Harlem River Waterfront
The High Bridge was built to cross the natural valley of the Harlem River. In its heyday, the bridge was a major destination. Popular day trips included visits to the countryside to picnic and promenade across the bridge. Equally popular were boat cruises up and down the river, and racing competitions for crew boats. One of the earlier photographs of the High Bridge shows young boys fishing. Later, once the Harlem River Speedway was opened in 1898, sightseers strolled along the new waterfront esplanade in the cool breezes and watched horses and buggies fly by.
After construction of the Major Deegan Expressway and Harlem River Driveway, public use of the waterfront faded. The river had become polluted over time, many paths were blocked, and the magnetic pull of the parks on the water's edge vanished.
All of these areas are being reclaimed after lying dormant for years. The High Bridge lies at the center of a major revitalization of the Harlem River Valley–for both the Bronx and Manhattan. Before very long, the High Bridge will become linked to the new parks being built on both sides of the river. Seated at the center of all of these recreational attractions, the High Bridge will benefit from increased numbers of visitors and encourage residents from nearby and far away to explore the new, revived river's edge.
The High Bridge Coalition supports the efforts of the many groups and individuals working to redevelop the Harlem River waterfront for public use.
Works in Progress
Regatta Park Greenway. Regatta Park Greenway is the name given by the New York City Department of Parks & Recreation to the stretch of Bronx waterfront extending from Macombs Dam Park, at about East 161st Street to West 225th Street, close to where the Harlem River empties out into the Hudson River. In the next three years, Parks & Recreation will reconstruct and reopen several miles of waterfront.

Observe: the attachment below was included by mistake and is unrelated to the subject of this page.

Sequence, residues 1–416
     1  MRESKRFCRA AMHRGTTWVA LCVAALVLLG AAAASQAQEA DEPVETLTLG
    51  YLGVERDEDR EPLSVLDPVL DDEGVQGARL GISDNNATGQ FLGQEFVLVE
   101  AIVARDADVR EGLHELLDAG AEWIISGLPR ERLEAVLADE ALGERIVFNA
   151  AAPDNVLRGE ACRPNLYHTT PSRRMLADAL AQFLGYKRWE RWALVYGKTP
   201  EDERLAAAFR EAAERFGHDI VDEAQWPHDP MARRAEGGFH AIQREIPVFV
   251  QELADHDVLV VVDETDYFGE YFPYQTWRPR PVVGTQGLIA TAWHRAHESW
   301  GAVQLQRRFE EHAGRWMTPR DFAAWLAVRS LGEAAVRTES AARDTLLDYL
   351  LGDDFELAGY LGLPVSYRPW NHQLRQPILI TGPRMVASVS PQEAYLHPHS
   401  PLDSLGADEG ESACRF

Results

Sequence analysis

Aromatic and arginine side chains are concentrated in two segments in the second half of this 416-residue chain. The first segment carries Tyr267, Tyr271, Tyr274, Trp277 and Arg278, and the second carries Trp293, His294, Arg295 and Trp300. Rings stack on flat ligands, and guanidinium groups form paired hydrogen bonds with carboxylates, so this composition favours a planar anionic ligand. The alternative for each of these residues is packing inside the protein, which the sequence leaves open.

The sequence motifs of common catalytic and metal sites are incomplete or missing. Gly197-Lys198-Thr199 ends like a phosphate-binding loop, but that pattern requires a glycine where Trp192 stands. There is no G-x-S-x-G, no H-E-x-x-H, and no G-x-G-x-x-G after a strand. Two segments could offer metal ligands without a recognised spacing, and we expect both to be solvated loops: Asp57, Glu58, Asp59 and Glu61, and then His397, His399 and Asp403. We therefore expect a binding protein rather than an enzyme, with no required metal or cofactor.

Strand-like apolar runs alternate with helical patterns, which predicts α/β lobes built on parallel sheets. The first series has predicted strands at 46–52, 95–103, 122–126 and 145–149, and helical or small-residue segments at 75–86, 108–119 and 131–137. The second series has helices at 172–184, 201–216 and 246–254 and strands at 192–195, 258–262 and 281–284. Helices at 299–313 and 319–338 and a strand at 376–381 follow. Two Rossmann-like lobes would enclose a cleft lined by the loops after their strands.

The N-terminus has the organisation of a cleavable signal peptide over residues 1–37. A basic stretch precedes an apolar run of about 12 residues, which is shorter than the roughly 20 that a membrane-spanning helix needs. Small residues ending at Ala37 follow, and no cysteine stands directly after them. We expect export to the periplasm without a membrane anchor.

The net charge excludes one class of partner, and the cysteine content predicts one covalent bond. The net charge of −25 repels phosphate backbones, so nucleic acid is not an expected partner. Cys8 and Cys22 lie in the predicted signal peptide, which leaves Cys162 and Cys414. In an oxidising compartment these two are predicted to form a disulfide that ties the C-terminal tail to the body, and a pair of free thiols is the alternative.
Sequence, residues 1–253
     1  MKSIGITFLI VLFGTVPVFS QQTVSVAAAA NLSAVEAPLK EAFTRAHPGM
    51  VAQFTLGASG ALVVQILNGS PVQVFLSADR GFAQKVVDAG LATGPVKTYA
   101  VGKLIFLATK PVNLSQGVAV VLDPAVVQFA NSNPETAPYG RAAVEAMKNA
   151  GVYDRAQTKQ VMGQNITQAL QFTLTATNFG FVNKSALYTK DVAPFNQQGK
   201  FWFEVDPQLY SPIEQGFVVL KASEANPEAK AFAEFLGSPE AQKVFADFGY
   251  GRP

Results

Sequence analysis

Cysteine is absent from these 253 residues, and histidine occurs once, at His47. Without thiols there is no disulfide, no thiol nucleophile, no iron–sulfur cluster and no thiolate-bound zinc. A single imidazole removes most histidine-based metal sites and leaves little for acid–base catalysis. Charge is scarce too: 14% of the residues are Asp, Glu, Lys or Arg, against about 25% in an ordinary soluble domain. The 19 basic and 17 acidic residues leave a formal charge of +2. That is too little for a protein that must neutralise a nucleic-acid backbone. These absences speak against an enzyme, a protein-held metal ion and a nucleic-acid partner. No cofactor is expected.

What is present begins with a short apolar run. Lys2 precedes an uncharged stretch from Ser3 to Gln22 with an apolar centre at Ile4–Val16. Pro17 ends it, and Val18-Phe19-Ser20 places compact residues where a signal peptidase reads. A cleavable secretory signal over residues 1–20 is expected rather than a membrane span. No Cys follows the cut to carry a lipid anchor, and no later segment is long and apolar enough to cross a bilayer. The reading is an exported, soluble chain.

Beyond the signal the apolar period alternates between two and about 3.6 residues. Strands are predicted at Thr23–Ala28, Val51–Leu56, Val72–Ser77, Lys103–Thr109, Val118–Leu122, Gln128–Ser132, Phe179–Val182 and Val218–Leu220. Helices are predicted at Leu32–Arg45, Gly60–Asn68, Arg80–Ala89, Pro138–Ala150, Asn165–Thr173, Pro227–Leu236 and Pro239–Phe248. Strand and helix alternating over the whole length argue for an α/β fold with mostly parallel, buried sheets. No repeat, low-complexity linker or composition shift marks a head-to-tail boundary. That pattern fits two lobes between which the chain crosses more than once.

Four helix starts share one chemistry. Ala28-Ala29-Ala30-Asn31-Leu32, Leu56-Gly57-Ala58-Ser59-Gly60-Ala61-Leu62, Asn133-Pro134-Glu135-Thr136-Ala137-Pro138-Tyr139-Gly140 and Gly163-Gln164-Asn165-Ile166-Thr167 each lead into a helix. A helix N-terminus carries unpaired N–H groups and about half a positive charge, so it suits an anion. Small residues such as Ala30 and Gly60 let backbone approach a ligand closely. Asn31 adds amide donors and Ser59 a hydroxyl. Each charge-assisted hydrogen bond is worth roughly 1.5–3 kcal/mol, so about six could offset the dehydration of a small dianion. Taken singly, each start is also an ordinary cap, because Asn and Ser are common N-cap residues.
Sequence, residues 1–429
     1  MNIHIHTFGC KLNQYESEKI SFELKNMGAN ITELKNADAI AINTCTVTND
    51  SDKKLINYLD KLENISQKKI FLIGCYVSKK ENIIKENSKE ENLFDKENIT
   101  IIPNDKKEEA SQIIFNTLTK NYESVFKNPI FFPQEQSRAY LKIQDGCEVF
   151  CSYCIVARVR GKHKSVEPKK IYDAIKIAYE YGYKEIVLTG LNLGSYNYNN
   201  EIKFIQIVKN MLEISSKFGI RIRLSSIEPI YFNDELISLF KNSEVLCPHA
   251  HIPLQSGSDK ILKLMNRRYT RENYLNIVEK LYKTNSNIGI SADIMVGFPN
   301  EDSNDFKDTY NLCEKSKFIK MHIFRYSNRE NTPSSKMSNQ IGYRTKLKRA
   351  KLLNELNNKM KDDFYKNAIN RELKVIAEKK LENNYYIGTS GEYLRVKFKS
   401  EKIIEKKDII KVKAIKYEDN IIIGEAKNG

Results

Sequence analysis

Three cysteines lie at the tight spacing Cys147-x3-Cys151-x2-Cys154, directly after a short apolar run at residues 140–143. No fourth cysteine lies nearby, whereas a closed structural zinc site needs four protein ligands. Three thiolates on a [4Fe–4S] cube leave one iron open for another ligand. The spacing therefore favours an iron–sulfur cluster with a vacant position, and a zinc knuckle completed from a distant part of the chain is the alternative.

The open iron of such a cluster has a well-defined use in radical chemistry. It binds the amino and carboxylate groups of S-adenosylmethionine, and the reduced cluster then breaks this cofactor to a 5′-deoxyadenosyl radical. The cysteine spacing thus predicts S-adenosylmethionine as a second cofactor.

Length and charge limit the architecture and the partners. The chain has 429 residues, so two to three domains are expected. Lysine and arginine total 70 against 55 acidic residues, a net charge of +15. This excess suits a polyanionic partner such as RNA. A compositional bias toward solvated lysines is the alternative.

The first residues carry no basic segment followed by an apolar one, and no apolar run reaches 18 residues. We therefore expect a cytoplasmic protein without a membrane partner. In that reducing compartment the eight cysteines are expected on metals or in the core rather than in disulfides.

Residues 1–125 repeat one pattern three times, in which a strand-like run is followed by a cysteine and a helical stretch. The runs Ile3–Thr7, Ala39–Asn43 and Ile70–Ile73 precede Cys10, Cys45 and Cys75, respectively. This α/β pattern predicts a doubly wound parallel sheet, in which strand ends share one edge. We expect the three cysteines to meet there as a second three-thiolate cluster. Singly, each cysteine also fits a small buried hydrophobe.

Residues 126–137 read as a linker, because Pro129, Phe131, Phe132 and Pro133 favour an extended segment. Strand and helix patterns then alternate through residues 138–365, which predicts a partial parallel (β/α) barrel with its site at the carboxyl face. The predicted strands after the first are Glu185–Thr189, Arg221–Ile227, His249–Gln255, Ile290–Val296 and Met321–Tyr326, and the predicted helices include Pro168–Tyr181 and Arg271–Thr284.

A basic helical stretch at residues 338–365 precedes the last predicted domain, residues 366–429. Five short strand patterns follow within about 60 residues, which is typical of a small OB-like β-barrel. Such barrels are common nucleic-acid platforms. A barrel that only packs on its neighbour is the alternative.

Regatta Park Greenway, Phase 1. This project will open about 1 1/2 miles of waterfront pathways, starting at Depot Place just below the High Bridge and connecting to Roberto Clemente State Park. It will be reachable from Highbridge Park by the 170th Street step-street. The project will create a new destination with lawns, benches, and a smooth waterfront path edged by the lapping waves of the Harlem River. Construction of this project is scheduled to begin soon.
Where to Go
Harlem River Speedway. With assistance from the New York State Department of Transportation, Mayor Bloomberg reopened the Speedway for pedestrians and bicyclists in Summer 2003. The esplanade is part of the 32-mile Manhattan Waterfront Greenway that rings the borough.
Visit the Speedway from entrances at Dyckman Street and 10th Avenue, or from 155th Street and Edgecombe Avenue.
Swindler Cove at Sherman Creek Park. Boat building classes for youth at the Peter Jay Sharp Boathouse, along with various youth and adult programs and beautiful water’s edge gardens. Operated by the New York Restoration Project, Swindler Cove is part of the New York City Water Trail. Located at Dyckman Street just off of 10th Avenue.